AKBAR RHEMTULLA, University of Alberta, Edmonton, Alberta  T6G 2G1
Which classes of right orderable groups are locally indicable?

A group G is called right ordered or an order preserving permutation group if the elements of G can be totally ordered in such a way that multiplication on the right preserves the order. It has been known for a long time that locally indicable groups (these are groups where every finitely generated non-trivial subgroup has an infinite cyclic quotient) are right orderable. The converse is not true, but this fact took a long time to demonstrate. I will present known and some new results on the classes of groups where right orderability and local indicability are coincide.

DALE ROLFSEN, University of British Columbia, British Columbia
Group orderings respecting automorphisms, with applications

If f: G ® G is an automorphism, G an orderable group, one might ask if there exists an ordering < of G which is invariant not only under multiplication (on one or both sides), but also under f, meaning g < h iff f(g) < f(h). This may not be possible (for example if f has a finite orbit), but we are able to give some general sufficient conditions for such an ordering to exist-in particular, if G is a free group and f satisfies certain hypotheses. Three topological applications will be discussed:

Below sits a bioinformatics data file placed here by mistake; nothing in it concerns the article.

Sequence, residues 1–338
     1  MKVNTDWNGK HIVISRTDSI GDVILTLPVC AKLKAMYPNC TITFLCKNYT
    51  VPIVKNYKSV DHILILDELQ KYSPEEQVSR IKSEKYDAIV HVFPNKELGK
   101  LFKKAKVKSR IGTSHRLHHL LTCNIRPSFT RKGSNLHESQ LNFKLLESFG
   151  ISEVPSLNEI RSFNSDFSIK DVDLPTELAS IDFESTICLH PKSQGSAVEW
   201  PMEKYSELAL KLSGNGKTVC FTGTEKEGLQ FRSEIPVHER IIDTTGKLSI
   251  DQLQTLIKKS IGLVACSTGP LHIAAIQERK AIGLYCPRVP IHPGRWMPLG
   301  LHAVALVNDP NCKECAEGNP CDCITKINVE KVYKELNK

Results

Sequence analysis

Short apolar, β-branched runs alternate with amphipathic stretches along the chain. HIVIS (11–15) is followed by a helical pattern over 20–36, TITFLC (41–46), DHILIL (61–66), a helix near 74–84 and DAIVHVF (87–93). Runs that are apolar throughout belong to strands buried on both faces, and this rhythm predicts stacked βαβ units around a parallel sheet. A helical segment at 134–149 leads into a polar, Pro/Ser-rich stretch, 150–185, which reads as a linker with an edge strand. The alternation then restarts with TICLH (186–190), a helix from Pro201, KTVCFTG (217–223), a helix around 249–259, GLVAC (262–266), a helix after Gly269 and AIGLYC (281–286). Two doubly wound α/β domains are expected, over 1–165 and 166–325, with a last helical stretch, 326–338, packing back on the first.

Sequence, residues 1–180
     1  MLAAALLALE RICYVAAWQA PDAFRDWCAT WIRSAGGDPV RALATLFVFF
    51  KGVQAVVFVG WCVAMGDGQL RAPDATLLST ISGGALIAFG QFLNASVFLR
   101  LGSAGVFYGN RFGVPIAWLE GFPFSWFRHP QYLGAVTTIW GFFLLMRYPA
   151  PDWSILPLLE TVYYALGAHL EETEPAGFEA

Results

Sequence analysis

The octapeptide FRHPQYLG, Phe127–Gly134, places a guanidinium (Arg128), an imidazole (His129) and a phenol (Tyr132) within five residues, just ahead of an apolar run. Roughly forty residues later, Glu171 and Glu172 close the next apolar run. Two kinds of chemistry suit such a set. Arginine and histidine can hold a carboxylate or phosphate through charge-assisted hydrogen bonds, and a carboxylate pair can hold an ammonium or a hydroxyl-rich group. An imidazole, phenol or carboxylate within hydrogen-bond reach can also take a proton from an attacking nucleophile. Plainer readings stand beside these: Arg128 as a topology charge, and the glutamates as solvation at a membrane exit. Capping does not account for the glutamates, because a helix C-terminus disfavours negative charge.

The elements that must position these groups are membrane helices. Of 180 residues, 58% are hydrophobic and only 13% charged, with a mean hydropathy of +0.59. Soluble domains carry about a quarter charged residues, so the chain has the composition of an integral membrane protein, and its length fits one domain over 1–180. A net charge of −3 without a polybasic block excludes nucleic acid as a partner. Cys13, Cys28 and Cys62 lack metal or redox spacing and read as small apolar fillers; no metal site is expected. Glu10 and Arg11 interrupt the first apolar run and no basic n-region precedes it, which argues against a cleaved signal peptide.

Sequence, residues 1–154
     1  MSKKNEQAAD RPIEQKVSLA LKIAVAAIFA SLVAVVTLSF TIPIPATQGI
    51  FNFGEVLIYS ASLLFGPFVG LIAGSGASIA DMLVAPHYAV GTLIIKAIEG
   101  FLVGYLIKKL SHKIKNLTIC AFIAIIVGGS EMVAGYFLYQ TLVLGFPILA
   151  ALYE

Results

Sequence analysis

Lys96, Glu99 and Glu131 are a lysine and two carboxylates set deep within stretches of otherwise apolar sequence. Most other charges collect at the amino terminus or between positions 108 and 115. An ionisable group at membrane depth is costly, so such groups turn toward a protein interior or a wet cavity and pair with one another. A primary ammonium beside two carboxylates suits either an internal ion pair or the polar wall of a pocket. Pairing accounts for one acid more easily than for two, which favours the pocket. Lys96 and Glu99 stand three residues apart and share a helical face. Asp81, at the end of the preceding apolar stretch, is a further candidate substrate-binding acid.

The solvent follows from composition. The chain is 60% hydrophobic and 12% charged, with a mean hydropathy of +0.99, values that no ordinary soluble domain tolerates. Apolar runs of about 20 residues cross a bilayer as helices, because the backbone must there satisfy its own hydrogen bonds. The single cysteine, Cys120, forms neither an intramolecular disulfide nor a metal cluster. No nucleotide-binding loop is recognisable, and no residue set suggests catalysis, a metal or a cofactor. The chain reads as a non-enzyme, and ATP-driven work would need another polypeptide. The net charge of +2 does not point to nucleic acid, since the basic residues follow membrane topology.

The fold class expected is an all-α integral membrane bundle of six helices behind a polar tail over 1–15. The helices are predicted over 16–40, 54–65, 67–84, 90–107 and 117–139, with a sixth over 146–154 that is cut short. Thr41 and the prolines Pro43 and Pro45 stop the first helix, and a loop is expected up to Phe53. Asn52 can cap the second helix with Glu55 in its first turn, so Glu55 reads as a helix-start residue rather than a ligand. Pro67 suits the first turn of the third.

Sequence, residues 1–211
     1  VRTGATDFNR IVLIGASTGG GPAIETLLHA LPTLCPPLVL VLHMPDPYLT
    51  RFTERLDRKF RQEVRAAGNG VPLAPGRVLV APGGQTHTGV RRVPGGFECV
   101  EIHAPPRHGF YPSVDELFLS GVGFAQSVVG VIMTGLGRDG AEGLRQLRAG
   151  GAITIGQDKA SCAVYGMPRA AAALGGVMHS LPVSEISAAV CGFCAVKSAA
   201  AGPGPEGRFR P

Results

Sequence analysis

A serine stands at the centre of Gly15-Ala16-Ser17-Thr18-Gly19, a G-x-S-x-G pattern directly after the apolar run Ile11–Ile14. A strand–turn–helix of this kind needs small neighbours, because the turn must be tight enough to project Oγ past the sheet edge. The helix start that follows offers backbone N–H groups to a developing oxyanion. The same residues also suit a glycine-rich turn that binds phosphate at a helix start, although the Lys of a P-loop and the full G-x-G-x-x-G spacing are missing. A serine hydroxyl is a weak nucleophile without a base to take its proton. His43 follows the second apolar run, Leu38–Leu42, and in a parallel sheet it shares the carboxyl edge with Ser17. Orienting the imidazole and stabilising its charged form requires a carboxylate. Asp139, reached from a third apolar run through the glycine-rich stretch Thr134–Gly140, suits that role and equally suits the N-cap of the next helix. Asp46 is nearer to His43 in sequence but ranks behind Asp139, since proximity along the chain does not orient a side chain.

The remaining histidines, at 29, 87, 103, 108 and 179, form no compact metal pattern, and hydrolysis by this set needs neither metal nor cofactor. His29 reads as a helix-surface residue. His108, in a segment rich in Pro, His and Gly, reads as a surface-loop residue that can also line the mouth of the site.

1. A natural bi-ordering of the pure braid groups.
    2. Nonorientable closed surfaces have bi-orderable fundamental groups iff they are hyperbolic, i.e. have negative Euler characteristic.
    3. The group of a fibred knot is bi-orderable if all the roots of its Alexander polynomial are real and positive.

This represents collaborative work with Steve Boyer, Djun Kim, Bernard Perron and Bert Wiest.

BERT WIEST, Department of Mathematics/PIMS PDF, University of British Columbia, British Columbia
Orderings of mapping class groups after Thurston

This is (quite old) joint work with Hamish Short. We are concerned with mapping class groups of hyperbolic surfaces with nonempty boundary. We present a very natural method, due to Thurston, of finding many different left orderings of such groups. The construction uses the action of the mapping class group on the boundary of the universal cover (viewed in H2), including its limit points on the circle at infinity. We classify all orderings of braid groups which arise in this way. Moreover, restricting to a certain class of ``nonpathological'' orderings, we prove that there are only finitely many conjugacy classes of such orderings.

PETER ZVENGROWSKI, Department of Mathmatics, University of Calgary, Calgary, Alberta  T2N 1N4
Fundamental groups of Seifert manifolds

Any finitely presented group can be the fundamental group of a four dimensional manifold, but only certain ones can be fundamental groups of three dimensional manifolds. One important class of this type are the fundamental groups of the Seifert manifolds. We shall consider the orientable Seifert manifolds. The cohomology of these manifolds is (apart from a small number of exceptions) the same as the cohomology of the group, so is interesting from both the algebraic and the toplogical points of view. It has been computed, as a ring and with Zp coefficients, over the past 5-6 years, and most recently also with Z coefficients. These results will be presented, and a couple of applications will be mentioned.